Book of 1 Kings
History of the kings of Israel and Judah, from Solomon through Ahab
Compiled by Jewish scribes in exile
Faced with a future of exile, sixth-century Jewish scribes sat down and meticulously compiled all the stories of the United and Divided Monarchies of Israel, sometimes in painful detail, before Israel’s interactions with God could be forgotten.
The result of this collaboration is a comprehensive history chronicling about 400 years, which is divided into four books: 1 and 2 Samuel and 1 and 2 Kings.
Although Jewish tradition attributes the writing of Kings to Jeremiah the prophet, most likely the final version is the product of several scribes using three things: court records, source books, and oral traditions.
Together these give details about mundane things (such as how much gold was used in the temple) and colorful stories that bring these people to life.
Israel has a rich oral history; stories are carefully passed down from parents to children verbally. We may be tempted to doubt the authenticity of such stories, assuming they are embellished as they pass from generation to generation, but archaeology has corroborated much of the information.
Buildings still stand where the Bible says they are; cities were destroyed when and how the Bible says they were; empires rose and fell as the Bible says they did.
In addition to physical evidence of the stories’ authenticity, other cultures have left writings describing their wars with Israel, giving the opponent’s perspective, of course.
Samuel and Kings are not just the history of a nation, but are also a window into the complex political, religious, and social situations of the ancient Near East.
Viewing Our Struggles Through Israel’s Examples
Both volumes of Bible Book Kings focus mostly on the slow decline of Israel. While Saul is recognized as Israel’s first king, it was David who first ruled all of the tribes and clans of the Hebrews.
Picking up with the death of King David, 1 Kings describes the construction of the glorious temple and palace in Jerusalem, the division of Israel into two kingdoms (Northern and Southern or Israel and Judah), the sometimes-apostasy sometimes-devotion of the Israelites themselves, and the work of God through His own actions and His prophets.
The many events prove one thing: the Lord is in control of everything. He prospers Israel while David and Solomon are kings, and He punishes the Israelites when they stray from Him. Although they are fully aware of His power and His desire for faithful worship, the Israelites betray Him again and again. It may be easy to judge them; but in their struggles to follow God’s laws, we can see our own struggles.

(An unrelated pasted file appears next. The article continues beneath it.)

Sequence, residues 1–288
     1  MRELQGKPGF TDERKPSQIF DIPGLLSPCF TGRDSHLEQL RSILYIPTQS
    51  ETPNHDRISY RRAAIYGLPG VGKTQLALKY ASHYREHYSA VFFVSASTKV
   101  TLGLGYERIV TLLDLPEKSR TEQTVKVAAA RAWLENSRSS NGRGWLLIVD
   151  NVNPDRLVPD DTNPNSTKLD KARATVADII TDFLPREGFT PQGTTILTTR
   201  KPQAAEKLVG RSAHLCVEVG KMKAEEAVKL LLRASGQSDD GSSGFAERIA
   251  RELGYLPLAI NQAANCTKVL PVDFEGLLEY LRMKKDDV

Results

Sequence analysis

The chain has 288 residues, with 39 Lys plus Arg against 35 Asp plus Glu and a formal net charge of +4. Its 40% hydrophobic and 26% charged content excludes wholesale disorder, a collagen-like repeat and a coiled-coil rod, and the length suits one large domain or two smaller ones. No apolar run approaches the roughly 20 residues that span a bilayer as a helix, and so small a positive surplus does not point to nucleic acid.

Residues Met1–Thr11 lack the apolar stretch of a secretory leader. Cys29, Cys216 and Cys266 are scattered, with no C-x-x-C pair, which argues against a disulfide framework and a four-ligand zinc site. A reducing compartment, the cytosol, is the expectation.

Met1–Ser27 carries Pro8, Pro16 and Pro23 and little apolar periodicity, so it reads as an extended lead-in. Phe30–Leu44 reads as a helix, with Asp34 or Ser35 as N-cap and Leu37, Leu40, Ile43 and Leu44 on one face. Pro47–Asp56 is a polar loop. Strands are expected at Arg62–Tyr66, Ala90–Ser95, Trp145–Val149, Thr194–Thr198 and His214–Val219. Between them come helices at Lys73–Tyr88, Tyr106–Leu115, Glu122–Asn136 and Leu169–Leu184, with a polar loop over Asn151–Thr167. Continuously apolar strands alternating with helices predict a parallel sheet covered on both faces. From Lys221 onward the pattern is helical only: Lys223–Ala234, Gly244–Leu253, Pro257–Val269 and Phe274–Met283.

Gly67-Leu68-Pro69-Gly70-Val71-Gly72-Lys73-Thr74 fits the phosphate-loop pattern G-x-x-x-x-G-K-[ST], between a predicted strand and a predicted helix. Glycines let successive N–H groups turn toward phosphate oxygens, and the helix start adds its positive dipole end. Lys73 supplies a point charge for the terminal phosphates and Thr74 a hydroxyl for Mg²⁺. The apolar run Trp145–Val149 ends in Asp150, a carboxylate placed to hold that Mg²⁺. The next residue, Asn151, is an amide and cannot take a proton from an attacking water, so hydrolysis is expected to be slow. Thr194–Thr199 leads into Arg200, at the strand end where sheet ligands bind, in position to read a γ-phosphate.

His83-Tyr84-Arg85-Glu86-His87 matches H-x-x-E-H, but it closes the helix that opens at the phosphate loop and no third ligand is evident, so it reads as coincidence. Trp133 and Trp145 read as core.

1 Kings 1:51
Inside the congregation tent, priests make daily sacrifices to the Lord on the great horned altar. By touching the bloodstained horns of the altar, an innocent man can immediately grab God’s attention and be granted divine absolution. That absolution then has to come from the court as well, since no man can overrule God.
It is Adonijah’s plan to save himself when he grabs the horns, but he is not an innocent man. Because Adonijah abuses this custom, Solomon is not required to forgive his brother just because he is at the altar.
1 Kings 2:23
Adonijah already has a claim to the throne, since he is the next in line of David’s sons. If he takes one of his father’s intimate acquaintances as a wife, then his claim to succeed David will be strengthened.
1 Kings 2:41
Shimei, a known traitor, is allowed to live as long as he doesn’t leave Jerusalem and return home to Benjamin where he can muster an army.
After years of supposed obedience, that same traitor tests his limits by running in the opposite direction of Benjamin to visit Philistia, Israel’s greatest enemy at the time.
Even if Solomon hadn’t promised David that he would take revenge on Shimei, the man gives Solomon ample reason himself.
First and foremost, he breaks his oath to Solomon and God by leaving Jerusalem; second, he has the opportunity to threaten Solomon’s new reign by fraternizing with Achish, the king whom David abandoned the last time Israel and Philistia fought.
He is guilty by both deed and association.
1 Kings 3:5
Before Israel united as one nation under David, the countryside was inhabited by people who worship other gods.
As Solomon prepares to build the temple and centralize worship of the one God — the Lord — in one place — Jerusalem — he finds it necessary to visit the former shrines of local gods and convert them to shrines to God.
While this may have worked in the short term by introducing the people outside of Jerusalem to the worship practices of the Eternal, those shrines, called “high places,” will be the undoing of the entire country.
By allowing people to worship at local shrines instead of only in Jerusalem, where the priests meticulously follow God’s laws, Solomon and future kings are opening the door to the blending of God worship and pagan worship.
1 Kings 6:2
The timing of the construction of the temple reveals the incredible importance of this event.
First, by connecting its construction to the exodus, the writer recognizes this as the culminating event of Israel’s journey from slavery to an autonomous, God-led nation. God is completing His promise to give Israel a nation.